At 1:15 am on Tuesday, April 22nd, 2014, when I was 39 weeks and 1 day pregnant, I drifted off to sleep, just like any other night. It didn’t last long because a little before 1:30 am, I was jolted awake by my first contraction. It was so strange to me to have had no warning, no feeling different, no intuition that labor was imminent. The first contraction was followed by another contraction, and another, and while I knew that these felt different from the Braxton Hicks I had had throughout my pregnancy, I lay there in bed for a while thinking they might go away. This couldn’t be the real thing, I thought. I’d had no warning! No warm up contractions or even any cramps! That first contraction took my breath away and was WAY more intense than I was expecting for the beginning of labor. While still lying there, I tried to use my Hypnobirthing breathing techniques to get through each contraction but I didn’t feel like it was working, even so early on. I didn’t want to wake Brock in case it wasn’t the real thing and he still had to go to work the next day, so I decided to get up and move around to see if they would subside that way. I walked around the house a little and they kept going, so I got in the shower, and eventually the bath, because I’d heard that that sometimes stops contractions if it’s not true labor. No such luck, so I got out.
By this time it was around 3:30 am and I decided to wake up Brock and let him know what was going on, and to get some help because the contractions were way more intense and closer together than I was expecting. I texted our midwife, Heather, and doula, Sonya, to let them know what was going on. They both wanted me to try to go back to sleep to rest up for what was coming, which, of course, I was way too excited to do. At this point I do remember Brock lying behind me and whispering some of our Hypnobirthing prompts in my ear. And I remember almost crying and telling him how good he was doing and him laughing at me. Labor logic, I guess.
I think it was around 6:30 am that I asked the doula to come over because I was feeling totally out of control. Looking back, I almost can’t believe I labored for 5 hours before calling her over. Labor created this strange time warp wherein everything felt like it was taking fooorrrreeevvver as I was going through each contraction, but the time on the clock was actually flying by. Sonya came over at around 8:30 am. We watched Pitch Perfect (well Brock and Sonya watched it) and tried some different laboring positions – the ball, with the robozo, on the floor, etc. Nothing made the contractions better. I was trying to continue with my Hypnobirthing breathing, but I was finding that if the contractions were more than 3 breaths long I started to feel really out of control.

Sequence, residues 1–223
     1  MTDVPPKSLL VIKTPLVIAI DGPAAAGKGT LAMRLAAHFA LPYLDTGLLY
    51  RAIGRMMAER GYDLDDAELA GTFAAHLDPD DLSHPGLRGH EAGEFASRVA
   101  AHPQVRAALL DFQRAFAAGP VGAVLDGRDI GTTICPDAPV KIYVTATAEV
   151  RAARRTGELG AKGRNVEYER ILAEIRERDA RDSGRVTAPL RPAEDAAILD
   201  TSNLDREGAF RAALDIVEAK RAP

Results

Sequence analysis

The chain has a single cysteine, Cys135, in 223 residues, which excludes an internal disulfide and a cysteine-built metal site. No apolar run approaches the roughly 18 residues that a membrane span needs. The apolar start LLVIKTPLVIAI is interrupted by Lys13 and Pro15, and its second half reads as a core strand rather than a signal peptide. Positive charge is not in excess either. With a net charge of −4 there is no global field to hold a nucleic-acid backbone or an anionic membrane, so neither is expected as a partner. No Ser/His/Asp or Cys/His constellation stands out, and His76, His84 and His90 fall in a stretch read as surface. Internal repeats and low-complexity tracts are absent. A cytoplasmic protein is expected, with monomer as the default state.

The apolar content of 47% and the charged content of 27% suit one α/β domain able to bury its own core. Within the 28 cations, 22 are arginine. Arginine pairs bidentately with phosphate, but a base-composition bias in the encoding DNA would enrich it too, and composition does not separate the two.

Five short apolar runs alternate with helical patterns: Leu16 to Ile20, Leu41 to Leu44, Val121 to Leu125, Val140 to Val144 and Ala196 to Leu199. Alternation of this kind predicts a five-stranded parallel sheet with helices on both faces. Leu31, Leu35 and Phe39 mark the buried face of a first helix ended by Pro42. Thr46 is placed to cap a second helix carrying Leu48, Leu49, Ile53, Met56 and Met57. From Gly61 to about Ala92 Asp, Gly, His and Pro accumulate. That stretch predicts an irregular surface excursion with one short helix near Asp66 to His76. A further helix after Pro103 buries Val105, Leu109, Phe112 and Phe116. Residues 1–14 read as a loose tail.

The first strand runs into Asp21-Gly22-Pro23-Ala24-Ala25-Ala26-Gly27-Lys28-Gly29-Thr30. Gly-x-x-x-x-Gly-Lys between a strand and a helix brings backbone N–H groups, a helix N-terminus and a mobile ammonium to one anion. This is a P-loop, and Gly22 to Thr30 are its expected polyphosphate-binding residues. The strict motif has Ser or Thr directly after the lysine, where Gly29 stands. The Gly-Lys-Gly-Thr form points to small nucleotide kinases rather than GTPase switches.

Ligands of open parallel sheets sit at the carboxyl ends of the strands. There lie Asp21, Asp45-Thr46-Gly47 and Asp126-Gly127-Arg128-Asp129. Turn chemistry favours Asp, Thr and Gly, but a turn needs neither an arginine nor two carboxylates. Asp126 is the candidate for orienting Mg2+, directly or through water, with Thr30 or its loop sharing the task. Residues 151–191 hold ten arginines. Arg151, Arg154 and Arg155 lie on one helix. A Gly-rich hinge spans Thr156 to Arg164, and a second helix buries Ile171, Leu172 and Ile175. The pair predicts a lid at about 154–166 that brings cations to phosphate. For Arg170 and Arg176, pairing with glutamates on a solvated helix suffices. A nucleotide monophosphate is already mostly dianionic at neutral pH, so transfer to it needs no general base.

Possibly my favorite exchange of my labor went something like this:
Me: “Is this actually happening? Am I really in labor? I keep thinking it’s not real and we’re going to get to go about our normal Tuesday activities.”
Sonya: “This is our Tuesday now.”
I think I really didn’t believe it was really happening until this point.
The midwives came over to check on my progress at about 12:30 pm. After hearing that I was "only" 4 cm dilated and feeling a bit demoralized, Brock and I went to our bedroom to try to get some rest, as it had been almost 12 hours of labor and 30-some hours since I’d really slept, and everyone else had lunch downstairs. (Sidenote: freezer meals were possibly the best thing I did to prepare in pregnancy. We put some freezer chili in the crockpot in the morning when I went into labor and it fed everyone throughout the day. And lots more meals kept Brock and I alive the first few weeks after baby was born.)
I feel I should take a minute to stress how crucial having our Doula, Sonya, was for me in having a successful labor and homebirth. I literally could not have done it without her. She was such a calm presence in the middle of such an intense time. Every time I said, “I can’t do this anymore,” she replied confidently looking right into my eyes, “But you ARE doing it.” She used our Hypnobirthing prompts; I think her saying, “Breathe love down to your baby,” is ingrained in my memory forever. She made sure I was eating and drinking and going to the bathroom, got me to try new laboring positions, squeezed my hips, took care of Brock so he could take care of me, filled the birthing pool, kept in contact with the midwives and birth photographer, cleaned up after the birth, did laundry and made us breakfast the next morning, gave so much information on every topic I wanted to know about and so, so much more. In short, she was amazing.
Brock, too, was amazing. He was my rock. He was so calm, cool, and collected. He was there for me every second; he never left my side. I really felt like he was laboring right along with me and baby. He was so empathetic and caring. If he was nervous at all, I never knew it. And he didn’t say anything about sitting in the pool with me and my poop. That’s true love.